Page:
Month: February 2018

3 Things You Should Know About The Apache HTTP htaccess file – 2018

3 Things You Should Know About The Apache HTTP htaccess file – 2018

I have been using the Apache HTTP Server since early 2000’s, and it only continues to get better. While most people don’t need to know how to set it up from scratch and configure it, you should know how to use the htaccess file. If you create a file named “.htaccess” in the “public_html” folder of your website, you can do some really neat things. I’ll cover three things everyone using Apache should know.

Block Users With htaccess

You may find yourself wanting to block a certain visit from your site, and that’s okay, but how do you do it?

allow from all
deny from 1.2.3.4 # blocks one IP address
deny from 1.3 # blocks every IP beginning with 1.3

SEO Friendly URLs With htaccess

If you’re tired of having “index.php” in your URLs, I don’t blame you. Below is a snippet you can add to your htaccess file to easily rewrite your URLs to remove it. Doing it this way, you don’t have to change any of your code, just add the snippet below.

RewriteEngine On
RewriteBase /

# Removes index.php
RewriteCond $1 !\.(gif|jpe?g|png)$ [NC]
RewriteCond %{REQUEST_FILENAME} !-f
RewriteCond %{REQUEST_FILENAME} !-d
RewriteRule ^(.*)$ /index.php/$1 [L]

# If 404s, "No Input File" or every URL returns the same thing
# make it /index.php?/$1 above (add the question mark)

Forcing HTTPS With htaccess

If your site has an SSL certificate, then I recommend you force your users to use it. That green “Secure” text in the address bar makes everyone feel a little safer, and it helps with SEO.

RewriteEngine On
RewriteCond %{HTTPS} !on
RewriteRule (.*) https://%{HTTP_HOST}%{REQUEST_URI}

Conclusion

While nginx gets all the attention lately, we can’t forget about Apache HTTP Server because it’s going to be around for quite awhile. Be sure to check out the Apache docs or leave a question below.

If you are familiar with Apache but would like to try nginx, you could always use nginx as a reverse proxy.

How to secure your PHP Web App with a simple Firewall

How to secure your PHP Web App with a simple Firewall

I was trying to find a simple way to secure my PHP Web App when I realized how difficult it could be. Securing it the easy way cost more money than I’m willing to spend, so I decided to build my own solution.

old school firewall

What are your options?

Compiling nginx with ModSecurity isn’t easy, and I don’t think your WAF (Web Application Firewall) should be tied into your web server. If you want to simplify things, you could use Cloudflare or Sucuri, but that can be expensive. While Cloudflare works great and is fast, shouldn’t you have your own WAF? These services do offer more than just a WAF, so be sure to do your own research before committing to any one solution.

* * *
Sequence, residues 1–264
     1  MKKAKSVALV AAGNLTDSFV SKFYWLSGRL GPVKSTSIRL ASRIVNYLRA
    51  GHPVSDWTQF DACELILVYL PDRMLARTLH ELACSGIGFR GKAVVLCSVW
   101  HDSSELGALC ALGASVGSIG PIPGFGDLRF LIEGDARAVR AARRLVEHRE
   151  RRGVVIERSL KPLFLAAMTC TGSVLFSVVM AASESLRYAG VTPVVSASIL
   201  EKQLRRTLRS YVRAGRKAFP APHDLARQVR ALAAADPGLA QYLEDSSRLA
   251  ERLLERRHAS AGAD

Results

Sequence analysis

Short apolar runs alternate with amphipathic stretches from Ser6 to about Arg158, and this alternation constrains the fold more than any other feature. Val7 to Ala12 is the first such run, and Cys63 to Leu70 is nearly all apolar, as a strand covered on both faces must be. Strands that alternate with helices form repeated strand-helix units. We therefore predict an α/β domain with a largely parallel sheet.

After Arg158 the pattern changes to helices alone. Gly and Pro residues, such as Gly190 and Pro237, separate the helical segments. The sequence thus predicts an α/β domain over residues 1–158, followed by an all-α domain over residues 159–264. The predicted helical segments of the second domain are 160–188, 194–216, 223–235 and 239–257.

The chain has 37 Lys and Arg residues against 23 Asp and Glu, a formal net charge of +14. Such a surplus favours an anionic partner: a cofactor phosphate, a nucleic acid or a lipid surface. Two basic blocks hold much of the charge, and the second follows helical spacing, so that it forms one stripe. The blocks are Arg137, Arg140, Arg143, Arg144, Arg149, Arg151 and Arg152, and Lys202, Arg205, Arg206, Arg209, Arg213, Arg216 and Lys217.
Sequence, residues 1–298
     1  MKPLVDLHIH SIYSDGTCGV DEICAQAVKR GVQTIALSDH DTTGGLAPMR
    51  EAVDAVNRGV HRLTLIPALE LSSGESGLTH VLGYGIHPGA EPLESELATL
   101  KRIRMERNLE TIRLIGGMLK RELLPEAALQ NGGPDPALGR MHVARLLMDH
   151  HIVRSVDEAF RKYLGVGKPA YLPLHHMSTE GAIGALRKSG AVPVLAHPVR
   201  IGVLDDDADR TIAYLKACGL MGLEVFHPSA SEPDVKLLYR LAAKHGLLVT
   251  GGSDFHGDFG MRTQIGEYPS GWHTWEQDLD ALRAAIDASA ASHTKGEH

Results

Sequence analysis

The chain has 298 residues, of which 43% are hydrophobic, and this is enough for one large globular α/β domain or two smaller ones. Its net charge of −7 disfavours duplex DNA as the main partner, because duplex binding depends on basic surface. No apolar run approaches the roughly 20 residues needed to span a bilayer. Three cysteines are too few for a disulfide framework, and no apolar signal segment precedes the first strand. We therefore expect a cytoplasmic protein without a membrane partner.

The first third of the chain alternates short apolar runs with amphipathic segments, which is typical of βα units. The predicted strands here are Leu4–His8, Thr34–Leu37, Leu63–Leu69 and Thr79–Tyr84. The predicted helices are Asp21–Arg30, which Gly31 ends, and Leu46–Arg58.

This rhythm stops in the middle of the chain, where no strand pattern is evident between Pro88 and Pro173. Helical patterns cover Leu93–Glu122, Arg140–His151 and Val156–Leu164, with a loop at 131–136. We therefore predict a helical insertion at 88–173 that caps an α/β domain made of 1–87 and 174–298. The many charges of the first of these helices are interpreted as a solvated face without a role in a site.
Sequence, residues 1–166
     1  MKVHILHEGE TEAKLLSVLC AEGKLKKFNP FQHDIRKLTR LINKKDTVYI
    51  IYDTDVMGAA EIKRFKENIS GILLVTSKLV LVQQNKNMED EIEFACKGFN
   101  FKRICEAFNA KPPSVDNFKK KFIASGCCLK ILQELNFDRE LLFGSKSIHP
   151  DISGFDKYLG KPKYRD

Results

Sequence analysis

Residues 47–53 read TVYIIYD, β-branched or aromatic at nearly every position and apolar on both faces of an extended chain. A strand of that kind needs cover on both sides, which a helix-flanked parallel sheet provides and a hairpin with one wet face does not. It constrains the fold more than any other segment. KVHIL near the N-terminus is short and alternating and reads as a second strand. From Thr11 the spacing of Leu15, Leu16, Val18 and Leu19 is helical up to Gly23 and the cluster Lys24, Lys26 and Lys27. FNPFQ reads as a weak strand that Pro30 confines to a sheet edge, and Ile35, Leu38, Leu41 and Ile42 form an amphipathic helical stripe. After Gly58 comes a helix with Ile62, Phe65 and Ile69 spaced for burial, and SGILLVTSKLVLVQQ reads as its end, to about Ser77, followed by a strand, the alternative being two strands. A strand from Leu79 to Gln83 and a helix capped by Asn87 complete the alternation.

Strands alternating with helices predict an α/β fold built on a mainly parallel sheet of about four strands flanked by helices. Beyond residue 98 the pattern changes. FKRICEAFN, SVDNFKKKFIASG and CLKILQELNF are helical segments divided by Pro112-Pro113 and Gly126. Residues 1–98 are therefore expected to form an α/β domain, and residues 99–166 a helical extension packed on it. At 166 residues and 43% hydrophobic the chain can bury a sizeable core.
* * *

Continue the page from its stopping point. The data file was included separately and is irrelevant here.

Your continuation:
Elite Hacker desktop

PHP Web App Firewall

I’m writing my PHP WAF in Go. The criteria I set for this project is fairly simple.

Criteria

  • It needs to be uber fast
  • Handle XSS and SQL Injections
  • Work with Docker

The Journey

Two weeks ago I sketched the idea out on the back of an envelope. If nginx could talk to my Go service, and my Go service could talk to PHP-FPM, then this might be a pretty easy solution. I know that nginx has the proxy_pass config option and that Go can handle HTTP traffic. But how can Go talk to PHP-FPM? I did some research and tried out a few different FastCGI client packages for Go until I found one that suited my needs. Now I have two ends of the stick figured out, but I’ve yet to even think about what happens in the middle.

I ended up finding a Go package that does an excellent job at filtering XSS. I then wrote some middleware for HTTP and used that Go package to filter any requests that contain an XSS attempt.

But what about SQL injection? Well, I found some regular expressions that match common SQL injection and implemented those into my HTTP Request analyzer. If any SQL injection is detected, it kills the request and your PHP Web App never sees it. At the time of writing this, I still need to implement more security measures.

I’ve also built a Docker container that runs this Go app as a service and is pretty easy to set up. While I haven’t used this for anything in production, I have tested it and it was able to handle several thousand requests a second.

Conclusion

This code should actually work with any language that can use FastCGI as a means of communication, but I haven’t tested it. I’m looking for people to help me finish this project since I’m just now learning Go. Please feel free to fork my repo if you can contribute in any way.

github.com/levidurfee/gowafp